After effectively washing its hands of a claimed 316mph average speed run in Nevada last October when it emerged something was very wrong with the footage, SSC has a lot to prove. The company seems keen to do so, however – it was at the Kennedy Space Center runway formerly used to land the Shuttle late last year, and the team returned on 17 January for a second go.
The initial runs at the airstrip (now called the Johnny Bohmer Proving Grounds) in 2020 didn’t go according to plan, but the more recent efforts delivered the goods. Although the car didn’t break the 300mph barrier, it did go faster than the Koenigsegg Agera RS did in 2017, both in terms of outright top speed and the average taken from two runs in opposite directions.
It hit 286.1mph heading southbound at 3:28:51pm local time, clocking 279.7mph northbound about 10 minutes later, giving an average of 282.9mph. As a reminder, the Agera’s best one-way speed was 284.55mph, with a slower run in the opposite direction giving an average of 277mph.
SSC seems to have left nothing to chance in terms of data-logging this time. Equipment from Racelogic, Life Racing, Garmin and IMRA (International Mile Racing Association) was installed in the car. Robert Mitchell, one of the YouTubers to have originally pointed out the discrepancies in SSC’s Nevada run, was present as an independent observer following an invitation from company founder Jerod Shelby.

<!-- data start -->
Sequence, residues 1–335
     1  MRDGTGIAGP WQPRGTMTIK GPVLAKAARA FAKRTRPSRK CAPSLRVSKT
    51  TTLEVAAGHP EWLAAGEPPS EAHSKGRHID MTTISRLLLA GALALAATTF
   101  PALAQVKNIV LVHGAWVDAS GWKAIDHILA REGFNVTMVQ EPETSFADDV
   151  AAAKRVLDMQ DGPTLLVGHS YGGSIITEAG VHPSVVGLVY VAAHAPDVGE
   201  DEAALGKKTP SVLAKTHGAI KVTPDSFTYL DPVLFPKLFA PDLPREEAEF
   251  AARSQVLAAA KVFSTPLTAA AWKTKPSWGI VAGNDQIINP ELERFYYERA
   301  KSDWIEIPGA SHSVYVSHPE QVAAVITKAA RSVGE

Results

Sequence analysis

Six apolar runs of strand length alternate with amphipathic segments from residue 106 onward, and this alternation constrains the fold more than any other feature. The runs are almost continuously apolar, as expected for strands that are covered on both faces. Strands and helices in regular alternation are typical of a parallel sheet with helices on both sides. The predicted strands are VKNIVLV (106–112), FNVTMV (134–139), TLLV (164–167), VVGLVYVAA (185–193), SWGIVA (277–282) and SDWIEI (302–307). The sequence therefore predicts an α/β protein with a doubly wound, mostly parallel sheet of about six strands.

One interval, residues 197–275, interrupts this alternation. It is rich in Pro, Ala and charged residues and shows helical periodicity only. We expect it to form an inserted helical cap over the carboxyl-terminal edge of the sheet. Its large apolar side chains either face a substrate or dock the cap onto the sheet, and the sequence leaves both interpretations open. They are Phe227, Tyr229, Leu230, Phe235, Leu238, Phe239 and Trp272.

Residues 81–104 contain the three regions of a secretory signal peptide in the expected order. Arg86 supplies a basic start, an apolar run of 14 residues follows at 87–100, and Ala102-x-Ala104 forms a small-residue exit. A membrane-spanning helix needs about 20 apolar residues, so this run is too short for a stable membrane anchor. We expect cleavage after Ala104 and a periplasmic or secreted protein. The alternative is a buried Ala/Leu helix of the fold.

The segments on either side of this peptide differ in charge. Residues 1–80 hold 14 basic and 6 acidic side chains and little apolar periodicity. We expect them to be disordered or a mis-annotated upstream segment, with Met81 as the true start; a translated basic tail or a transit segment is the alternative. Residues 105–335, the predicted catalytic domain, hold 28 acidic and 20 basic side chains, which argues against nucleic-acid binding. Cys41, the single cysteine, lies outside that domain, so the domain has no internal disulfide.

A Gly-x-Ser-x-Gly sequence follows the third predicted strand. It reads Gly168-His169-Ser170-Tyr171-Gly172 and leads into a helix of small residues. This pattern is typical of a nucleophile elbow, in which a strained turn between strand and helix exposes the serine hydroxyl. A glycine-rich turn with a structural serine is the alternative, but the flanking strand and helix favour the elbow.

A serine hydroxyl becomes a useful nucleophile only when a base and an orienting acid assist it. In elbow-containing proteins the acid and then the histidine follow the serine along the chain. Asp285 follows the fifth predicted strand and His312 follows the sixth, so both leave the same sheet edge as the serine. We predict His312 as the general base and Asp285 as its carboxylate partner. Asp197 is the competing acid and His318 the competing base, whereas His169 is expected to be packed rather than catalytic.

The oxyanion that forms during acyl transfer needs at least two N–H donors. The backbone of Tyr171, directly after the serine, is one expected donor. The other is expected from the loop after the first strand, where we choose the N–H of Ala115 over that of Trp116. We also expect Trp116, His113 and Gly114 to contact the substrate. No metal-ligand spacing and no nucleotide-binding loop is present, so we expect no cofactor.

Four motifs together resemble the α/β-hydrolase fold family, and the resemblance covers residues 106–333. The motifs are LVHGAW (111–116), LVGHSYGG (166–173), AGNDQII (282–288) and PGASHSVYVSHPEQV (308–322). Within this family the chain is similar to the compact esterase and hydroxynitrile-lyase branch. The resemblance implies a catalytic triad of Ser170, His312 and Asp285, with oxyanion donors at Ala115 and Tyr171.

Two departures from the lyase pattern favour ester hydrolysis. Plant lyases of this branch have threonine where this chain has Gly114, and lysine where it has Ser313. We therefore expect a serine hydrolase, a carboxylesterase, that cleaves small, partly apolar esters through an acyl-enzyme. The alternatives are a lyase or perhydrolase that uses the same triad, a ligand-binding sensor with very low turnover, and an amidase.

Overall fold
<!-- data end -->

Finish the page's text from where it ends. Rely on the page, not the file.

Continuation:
For the latest run, rather than field a racing driver, a customer drove the car. Dr Larry Caplin, who owns Tuatara 001, took to the wheel for the high-speed blasts. “I got a taste of full power in the top of seventh on the last run,” he said, adding “I am excited to come back and break 300mph”. SSC hasn’t said when or where any future attempts might take place, but we’ve asked.
Speaking about SSC’s day in Florida, Jerod Shelby Said:
“We took a different approach this time in accelerating the car to the higher speeds. Larry Caplin, who owns the car, used a ‘drag race’ style of acceleration during the record runs, pulling full throttle and boost for 40-50 seconds.
“Back in October we were leaning into the speed much slower and used only about 20-25 seconds of full throttle and boost during the run. The difference is impressive both performance and operation wise. Larry pulled off a run that was far more difficult, at least by a factor of four, than what we attempted in Nevada.”
There’s no word on any applications for Guinness certification, although it’s worth noting Koenigsegg’s 2017 session in Nevada wasn’t ever recognised by the organisation, nor was the Bugatti Chiron Super Sport’s 304mph one-way effort.
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